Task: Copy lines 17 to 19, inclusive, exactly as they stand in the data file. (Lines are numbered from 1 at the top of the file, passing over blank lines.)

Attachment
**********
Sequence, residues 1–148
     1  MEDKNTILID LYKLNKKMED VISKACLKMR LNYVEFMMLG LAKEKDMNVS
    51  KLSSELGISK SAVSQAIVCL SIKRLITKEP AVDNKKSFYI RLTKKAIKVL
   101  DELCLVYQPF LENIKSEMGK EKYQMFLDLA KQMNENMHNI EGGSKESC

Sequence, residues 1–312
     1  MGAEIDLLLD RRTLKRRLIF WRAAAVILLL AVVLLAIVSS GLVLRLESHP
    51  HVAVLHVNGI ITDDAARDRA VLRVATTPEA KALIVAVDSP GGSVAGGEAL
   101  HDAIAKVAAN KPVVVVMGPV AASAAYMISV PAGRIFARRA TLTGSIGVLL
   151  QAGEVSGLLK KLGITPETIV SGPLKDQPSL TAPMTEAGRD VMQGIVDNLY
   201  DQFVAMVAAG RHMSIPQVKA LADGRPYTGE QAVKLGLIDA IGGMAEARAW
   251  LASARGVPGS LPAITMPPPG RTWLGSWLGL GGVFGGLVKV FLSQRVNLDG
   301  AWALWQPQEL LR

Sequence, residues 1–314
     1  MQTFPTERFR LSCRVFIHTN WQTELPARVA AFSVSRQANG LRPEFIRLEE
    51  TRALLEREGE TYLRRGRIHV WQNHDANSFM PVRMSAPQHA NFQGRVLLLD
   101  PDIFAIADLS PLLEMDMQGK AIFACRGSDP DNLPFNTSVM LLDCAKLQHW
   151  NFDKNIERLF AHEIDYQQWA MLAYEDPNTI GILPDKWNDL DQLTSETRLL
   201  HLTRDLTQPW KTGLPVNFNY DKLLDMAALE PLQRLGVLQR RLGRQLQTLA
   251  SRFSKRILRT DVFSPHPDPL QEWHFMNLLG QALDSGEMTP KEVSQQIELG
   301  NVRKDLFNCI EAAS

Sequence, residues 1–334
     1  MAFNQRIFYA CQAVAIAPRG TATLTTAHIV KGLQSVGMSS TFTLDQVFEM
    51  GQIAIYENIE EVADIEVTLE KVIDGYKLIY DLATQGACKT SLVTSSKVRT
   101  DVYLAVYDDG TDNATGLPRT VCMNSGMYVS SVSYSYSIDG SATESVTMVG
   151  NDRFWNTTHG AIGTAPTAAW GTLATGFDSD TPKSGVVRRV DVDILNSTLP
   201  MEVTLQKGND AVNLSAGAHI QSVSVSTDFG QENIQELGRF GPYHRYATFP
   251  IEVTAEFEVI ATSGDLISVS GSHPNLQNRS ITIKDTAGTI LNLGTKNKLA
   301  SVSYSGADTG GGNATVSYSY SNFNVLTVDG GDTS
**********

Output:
   151  NFDKNIERLF AHEIDYQQWA MLAYEDPNTI GILPDKWNDL DQLTSETRLL
   201  HLTRDLTQPW KTGLPVNFNY DKLLDMAALE PLQRLGVLQR RLGRQLQTLA
   251  SRFSKRILRT DVFSPHPDPL QEWHFMNLLG QALDSGEMTP KEVSQQIELG